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Med Decis Making. 2009 Mar-Apr;29(2):247-56. doi: 10.1177/0272989X08327110. Epub 2008 Nov 17.

Validation of an automated safety surveillance system with prospective, randomized trial data.

Author information

  • 1Department of Radiology, Division of General Medicine, Brigham & Women's Hospital, Boston, MA, USA. michael.matheny@vanderbilt.edu

Abstract

OBJECTIVE:

We sought to validate 3 methods for automated safety monitoring by evaluating clinical trials with elevated adverse events.

METHODS:

An automated outcomes surveillance system was used to retrospectively analyze data from 2 randomized, TIMI multicenter trials. Trial A was stopped early due to elevated 30-day mortality rates in the intervention arm. Trial B was not stopped early, but there was transient concern regarding 30-day intracranial hemorrhage rates. We compared statistical process control (SPC), logistic regression risk adjusted SPC (LR-SPC), and Bayesian updating statistic (BUS) methods with a standard prospective 2-arm event rate analysis. Each method compares observed event rates to alerting boundaries established with previously collected data. In this evaluation, the control arms approximated prior data, and the intervention arms approximated the observed data.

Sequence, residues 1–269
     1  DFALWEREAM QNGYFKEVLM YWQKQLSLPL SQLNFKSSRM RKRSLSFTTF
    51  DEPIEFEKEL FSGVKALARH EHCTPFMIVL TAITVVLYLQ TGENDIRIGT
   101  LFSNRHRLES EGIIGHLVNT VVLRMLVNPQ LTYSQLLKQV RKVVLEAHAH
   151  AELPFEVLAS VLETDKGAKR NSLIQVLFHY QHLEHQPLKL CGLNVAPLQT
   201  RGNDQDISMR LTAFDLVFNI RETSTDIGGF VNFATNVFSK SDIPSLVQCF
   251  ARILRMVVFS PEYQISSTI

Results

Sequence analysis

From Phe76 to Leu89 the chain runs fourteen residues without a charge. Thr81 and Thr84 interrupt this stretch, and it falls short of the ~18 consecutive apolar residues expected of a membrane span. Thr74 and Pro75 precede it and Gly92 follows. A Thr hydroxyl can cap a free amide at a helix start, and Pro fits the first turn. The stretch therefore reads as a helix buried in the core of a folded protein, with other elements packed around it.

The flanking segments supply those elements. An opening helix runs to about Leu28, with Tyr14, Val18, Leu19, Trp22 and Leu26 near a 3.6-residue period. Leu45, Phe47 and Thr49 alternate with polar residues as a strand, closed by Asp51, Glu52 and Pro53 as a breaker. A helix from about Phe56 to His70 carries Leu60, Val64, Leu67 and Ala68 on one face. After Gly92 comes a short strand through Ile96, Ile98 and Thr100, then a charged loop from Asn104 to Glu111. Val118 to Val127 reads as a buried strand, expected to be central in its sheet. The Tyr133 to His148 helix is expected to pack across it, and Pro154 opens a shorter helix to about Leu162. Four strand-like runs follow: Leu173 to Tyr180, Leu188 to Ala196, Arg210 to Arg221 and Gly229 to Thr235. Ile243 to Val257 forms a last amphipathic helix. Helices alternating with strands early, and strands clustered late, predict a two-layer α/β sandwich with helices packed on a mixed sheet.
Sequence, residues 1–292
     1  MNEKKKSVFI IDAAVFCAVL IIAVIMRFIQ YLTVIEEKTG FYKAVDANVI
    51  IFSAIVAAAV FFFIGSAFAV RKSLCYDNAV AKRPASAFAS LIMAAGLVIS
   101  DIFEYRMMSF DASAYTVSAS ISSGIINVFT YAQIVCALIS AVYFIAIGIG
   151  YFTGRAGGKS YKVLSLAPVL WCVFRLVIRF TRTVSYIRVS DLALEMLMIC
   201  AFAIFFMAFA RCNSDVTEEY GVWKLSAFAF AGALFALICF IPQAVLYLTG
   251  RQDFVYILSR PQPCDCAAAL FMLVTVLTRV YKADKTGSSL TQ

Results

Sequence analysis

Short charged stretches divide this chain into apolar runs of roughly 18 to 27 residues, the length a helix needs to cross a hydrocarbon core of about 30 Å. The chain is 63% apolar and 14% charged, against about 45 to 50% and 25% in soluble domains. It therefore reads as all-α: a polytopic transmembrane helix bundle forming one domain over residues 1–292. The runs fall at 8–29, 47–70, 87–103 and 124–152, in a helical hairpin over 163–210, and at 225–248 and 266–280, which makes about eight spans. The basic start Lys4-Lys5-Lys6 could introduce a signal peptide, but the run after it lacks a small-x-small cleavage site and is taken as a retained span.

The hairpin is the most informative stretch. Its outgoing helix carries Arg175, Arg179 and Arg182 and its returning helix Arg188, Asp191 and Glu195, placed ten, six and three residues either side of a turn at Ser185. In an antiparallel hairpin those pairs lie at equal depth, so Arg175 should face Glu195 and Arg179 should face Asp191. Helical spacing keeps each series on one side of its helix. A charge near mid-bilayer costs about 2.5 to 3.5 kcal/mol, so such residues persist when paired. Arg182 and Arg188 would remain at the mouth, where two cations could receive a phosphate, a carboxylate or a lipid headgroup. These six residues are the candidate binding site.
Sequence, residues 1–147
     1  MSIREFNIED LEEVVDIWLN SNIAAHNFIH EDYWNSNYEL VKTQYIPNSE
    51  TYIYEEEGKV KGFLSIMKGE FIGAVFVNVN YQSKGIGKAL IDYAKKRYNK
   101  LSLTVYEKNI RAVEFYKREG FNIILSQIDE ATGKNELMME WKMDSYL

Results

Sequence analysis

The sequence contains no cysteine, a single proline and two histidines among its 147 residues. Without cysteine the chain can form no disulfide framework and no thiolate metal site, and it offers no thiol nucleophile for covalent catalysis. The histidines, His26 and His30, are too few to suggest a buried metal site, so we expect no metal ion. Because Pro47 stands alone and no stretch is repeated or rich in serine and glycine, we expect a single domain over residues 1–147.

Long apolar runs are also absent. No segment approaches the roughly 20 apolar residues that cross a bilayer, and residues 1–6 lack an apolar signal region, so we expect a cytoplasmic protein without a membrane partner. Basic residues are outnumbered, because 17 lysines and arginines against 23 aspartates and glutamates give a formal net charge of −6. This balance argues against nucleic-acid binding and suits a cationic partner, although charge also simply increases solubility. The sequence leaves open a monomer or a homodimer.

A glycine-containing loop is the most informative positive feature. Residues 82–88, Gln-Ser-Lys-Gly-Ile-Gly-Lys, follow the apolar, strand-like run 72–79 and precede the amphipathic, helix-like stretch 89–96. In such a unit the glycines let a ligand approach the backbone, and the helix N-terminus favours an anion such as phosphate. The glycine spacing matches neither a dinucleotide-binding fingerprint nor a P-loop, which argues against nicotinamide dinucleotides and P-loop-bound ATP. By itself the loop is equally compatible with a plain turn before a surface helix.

RESULTS:

Trial A experienced elevated 30-day mortality rates beginning 7 months after the start of the trial and continuing until termination at month 14. Trial B did not experience elevated major bleeding rates. Combining the alerting performance of each method across both trials resulted in sensitivities and specificities of 100% and 85% for SPC, 0% and 100% for BUS, and 100% and 93% for both LR-SPC models, respectively.

CONCLUSION:

Both SPC and LR-SPC methods correctly identified the majority of months during which the cumulative event rates were elevated in trial A but were susceptible to false positive alerts in trial B. The BUS method did not result in any alerts in either trial and requires revision.

PMID:
19015285
[PubMed - indexed for MEDLINE]
PMCID:
PMC2743924
Free PMC Article

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